In his very enjoyable book Play Dirty, author John Wick writes about a lot of cool things to use at the gaming table. Naturally, he also writes about combat. Some of the tricks he writes about, I'll show you here as well and talk about other stuff in the same vein. When I attended the Ad Astra convention in Toronto earlier this year I listened to a panel about how to write combat scenes. When reading Play Dirty I was reminded of that, since in that book John wrote the same thing those panelists said. First off, a real fight is quick. Real quick. I remember making fun of AD&D when I was younger, because the game turn was so ridiculously long but you only got one attack in! In T&T a combat turn by the book is two minutes. Obviously these games are not good aproximations of real combat. They don't need to be, but if you really want to end a combat quick, here's how to do it.

So, if all those game turns is just waiting for a killing blow, and all the circling and shuffling about is just wearing each other down, then let's go for the kill. So, let's feint and kick him in the groin or poke him in the eyes. Then, when he is down, kick him until he wont get up.

Feint – SR on DEX or LK. Why not take the average? Level? Well, I use the level of the dungeon as a general metric, but otherwise use his level, or MR/10 if no level is applicable. You're playing D&D? Roll as many d6 as the difference in level between you, add then and try to get under your DEX.

Groin kick – SR on LK or STR or maybe the average. You don't need to give him 2d6 Spite damage, just say he's out of the fight. In D&D you can call for an attack against a tougher AC and call it a day.

Poking eyes – Make a SR on SPD to see if your opponent manage to deflect your attack. You are going to do something in the middle of his field of vision, so it won't be easy. Say, level based on MR/10 with a bonus of +2? Maybe base it on his SPD/10 if he has one.

One thing to notice here is of course that T&T have a very cool mechanic, the Saving Roll, which can be used for anything. This is important so I'll say it again, it can be used for anything. I wonder if people who claim T&T combat is abstract and unengaging have understood that they can do anything. It's in the rules, pal! Let's get back to John Wick and Play Dirty again.

John notes one thing I find really spot on. He writes “Never let your players say, 'I roll to hit'. You know what they're doing, you want to know how they are doing it.” That's not only amusing, but also very true. Nobody will roll to miss, so why bother “rolling to hit”? So, following John, a DM should ask “where”, “how” and “when”. Good players will catch on, since you'll be giving them a bonus for each of those three. Imagine the three maneuvers mentioned above, but with a hefty bonus because the player said he was crouching down as if hit, kick out just as that other NPC/PC character shoved the target off balance (hey, if it's a minute or two it will happen all the time as people scuffle around). Beautyful and grim. Also, quite fun. All this about bonuses makes me want to bring up Wushu. In that game there are no penalties, only bonuses. I have read many games that talk about cool maneuvers, but they all have penalties. Not so in Wushu. The more cool stuff you say to try, the easier it is to succeed. Now, I fully understand that not everyone wants their fantasy games to be like an over the top wuxia movie, but take a long hard look at the idea that you award stunts if you really want to spice up combat in your game. Penalties are telling the player "don't even try it, boy".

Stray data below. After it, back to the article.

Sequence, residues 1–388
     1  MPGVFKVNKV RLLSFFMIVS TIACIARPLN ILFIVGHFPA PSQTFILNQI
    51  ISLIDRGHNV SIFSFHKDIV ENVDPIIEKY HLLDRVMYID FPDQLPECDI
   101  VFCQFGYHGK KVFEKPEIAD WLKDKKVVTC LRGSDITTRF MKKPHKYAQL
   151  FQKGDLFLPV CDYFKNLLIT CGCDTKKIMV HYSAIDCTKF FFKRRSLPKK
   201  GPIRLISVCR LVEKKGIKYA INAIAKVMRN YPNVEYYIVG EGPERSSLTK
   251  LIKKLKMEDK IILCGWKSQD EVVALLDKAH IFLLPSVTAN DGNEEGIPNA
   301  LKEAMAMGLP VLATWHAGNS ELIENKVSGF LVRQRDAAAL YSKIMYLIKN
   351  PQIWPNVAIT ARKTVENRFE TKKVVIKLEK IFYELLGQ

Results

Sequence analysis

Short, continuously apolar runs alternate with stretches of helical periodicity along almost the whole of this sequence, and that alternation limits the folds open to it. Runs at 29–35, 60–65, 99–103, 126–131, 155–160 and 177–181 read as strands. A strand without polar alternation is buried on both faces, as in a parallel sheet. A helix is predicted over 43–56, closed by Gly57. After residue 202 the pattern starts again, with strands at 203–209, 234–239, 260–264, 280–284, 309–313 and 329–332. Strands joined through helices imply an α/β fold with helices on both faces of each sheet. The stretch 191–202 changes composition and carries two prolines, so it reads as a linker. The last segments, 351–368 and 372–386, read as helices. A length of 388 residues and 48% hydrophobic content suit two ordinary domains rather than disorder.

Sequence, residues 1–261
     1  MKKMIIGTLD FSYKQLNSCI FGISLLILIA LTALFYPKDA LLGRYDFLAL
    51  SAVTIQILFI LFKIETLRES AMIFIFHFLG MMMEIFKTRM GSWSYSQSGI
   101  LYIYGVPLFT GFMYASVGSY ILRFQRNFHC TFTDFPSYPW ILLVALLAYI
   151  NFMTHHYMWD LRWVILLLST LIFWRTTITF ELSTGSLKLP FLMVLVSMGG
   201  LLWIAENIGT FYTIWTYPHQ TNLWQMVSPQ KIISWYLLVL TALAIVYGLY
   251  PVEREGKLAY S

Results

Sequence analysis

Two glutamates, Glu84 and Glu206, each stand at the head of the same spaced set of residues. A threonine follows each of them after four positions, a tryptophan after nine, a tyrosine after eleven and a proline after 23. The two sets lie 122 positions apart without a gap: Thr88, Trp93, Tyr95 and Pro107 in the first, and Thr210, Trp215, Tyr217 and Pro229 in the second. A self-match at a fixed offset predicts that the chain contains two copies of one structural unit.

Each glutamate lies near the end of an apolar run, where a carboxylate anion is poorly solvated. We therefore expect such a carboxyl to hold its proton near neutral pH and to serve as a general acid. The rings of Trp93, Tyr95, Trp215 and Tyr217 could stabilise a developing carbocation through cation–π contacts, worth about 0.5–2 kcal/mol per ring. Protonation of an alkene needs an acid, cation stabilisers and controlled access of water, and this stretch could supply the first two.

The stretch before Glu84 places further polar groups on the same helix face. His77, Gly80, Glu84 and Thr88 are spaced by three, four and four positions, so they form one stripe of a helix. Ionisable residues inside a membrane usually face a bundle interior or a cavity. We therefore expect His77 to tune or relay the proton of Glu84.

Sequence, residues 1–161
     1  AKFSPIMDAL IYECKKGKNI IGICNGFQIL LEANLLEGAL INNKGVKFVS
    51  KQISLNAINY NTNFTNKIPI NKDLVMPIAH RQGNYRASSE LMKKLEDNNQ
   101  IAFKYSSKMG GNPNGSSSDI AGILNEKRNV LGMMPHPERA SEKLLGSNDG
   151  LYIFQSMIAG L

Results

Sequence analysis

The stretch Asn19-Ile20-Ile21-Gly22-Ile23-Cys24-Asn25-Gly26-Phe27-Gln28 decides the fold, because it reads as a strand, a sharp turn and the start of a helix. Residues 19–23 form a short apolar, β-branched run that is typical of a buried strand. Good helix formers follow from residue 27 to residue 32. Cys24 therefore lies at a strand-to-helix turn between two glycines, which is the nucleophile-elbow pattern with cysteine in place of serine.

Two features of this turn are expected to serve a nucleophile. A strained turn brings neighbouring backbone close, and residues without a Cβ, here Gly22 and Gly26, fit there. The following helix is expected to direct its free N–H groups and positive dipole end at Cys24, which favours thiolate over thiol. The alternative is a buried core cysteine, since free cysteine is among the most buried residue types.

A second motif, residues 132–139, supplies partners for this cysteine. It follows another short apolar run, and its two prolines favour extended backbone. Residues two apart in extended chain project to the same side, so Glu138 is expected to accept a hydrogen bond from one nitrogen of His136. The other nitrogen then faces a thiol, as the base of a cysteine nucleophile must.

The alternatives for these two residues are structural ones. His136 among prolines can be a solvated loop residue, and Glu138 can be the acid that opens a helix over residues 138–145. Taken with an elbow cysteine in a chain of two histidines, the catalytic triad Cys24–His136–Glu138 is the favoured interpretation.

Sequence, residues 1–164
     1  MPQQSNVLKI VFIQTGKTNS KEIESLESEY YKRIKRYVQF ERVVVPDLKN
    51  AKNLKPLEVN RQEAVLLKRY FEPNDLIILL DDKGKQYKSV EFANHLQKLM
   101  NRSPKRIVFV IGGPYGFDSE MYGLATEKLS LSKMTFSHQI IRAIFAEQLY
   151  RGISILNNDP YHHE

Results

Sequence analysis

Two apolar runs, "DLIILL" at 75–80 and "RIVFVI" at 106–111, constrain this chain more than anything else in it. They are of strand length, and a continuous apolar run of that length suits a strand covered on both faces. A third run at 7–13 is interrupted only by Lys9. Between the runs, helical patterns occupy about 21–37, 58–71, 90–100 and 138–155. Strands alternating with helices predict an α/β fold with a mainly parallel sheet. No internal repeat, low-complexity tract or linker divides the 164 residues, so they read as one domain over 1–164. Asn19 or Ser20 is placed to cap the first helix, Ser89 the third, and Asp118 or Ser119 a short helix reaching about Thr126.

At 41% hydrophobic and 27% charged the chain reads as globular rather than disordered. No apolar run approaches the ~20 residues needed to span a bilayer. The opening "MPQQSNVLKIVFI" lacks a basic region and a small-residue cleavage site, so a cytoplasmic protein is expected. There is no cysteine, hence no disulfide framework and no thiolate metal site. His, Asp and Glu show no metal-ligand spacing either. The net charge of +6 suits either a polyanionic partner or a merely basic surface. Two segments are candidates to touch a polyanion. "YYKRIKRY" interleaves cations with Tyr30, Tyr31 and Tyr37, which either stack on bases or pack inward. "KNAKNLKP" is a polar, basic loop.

Now, you might not want to go that far, but there are still a few tricks left. One interesting suggestion from the panel at Ad Astra, was that since the fight will be very much waiting and then a few short blows before it's over, you have to make it interesting in some other way. The method that stuck in my brain was the idea that you can always describe the event from the viewpoint of another character. Since you only have one character as a player in a RPG, you'll have to make do with that. Try to describe you're next maneuver in combat by mentioning how you get caught up in the successful attack by the player before you in the initiative (or something like that). That player gets to shine once more and will hopefully reward you with some inspired narrative next turn where your character is in the spotlight. Make combat fun together. Having fun together is why we play roleplaying games, right? I would even suggest that if you treat them nice, you could probably borrow a creature from the Game Master if you promise to return them in decent shape. Go wild.

I'm not always very good at following my own advice in this post, but I'm trying and will see if I can't manage to collect some real life drama from my game table some time. Oh, and buy John's book!

Fight on!

Monday, May 18, 2009

When I entered a real Dungeon

Edit: The paragraphs had been terribly mangled. Now it should be readable again. Sorry about that.

A real dungeon!

Many sheets of graph paper have been covered with tunnels, depicting shrines, tombs and other kinds of underground complexes. One very good rationale for underground tunnels is of course mines. Now have I finally been down into a real, dark and muddy mine and thought about sharing some of my impressions. Maybe you have read the Dungeon survival guide that TSR put out for 1st ed, and think that was good enough, or just not the territory you wanted to take your game. I'm not going to try to cover that territory again, instead trying to focus on my feelings and impressions of mines as an environment, which might give some idea what you waht to do with underground complexes in your game as far as general feel is concerned.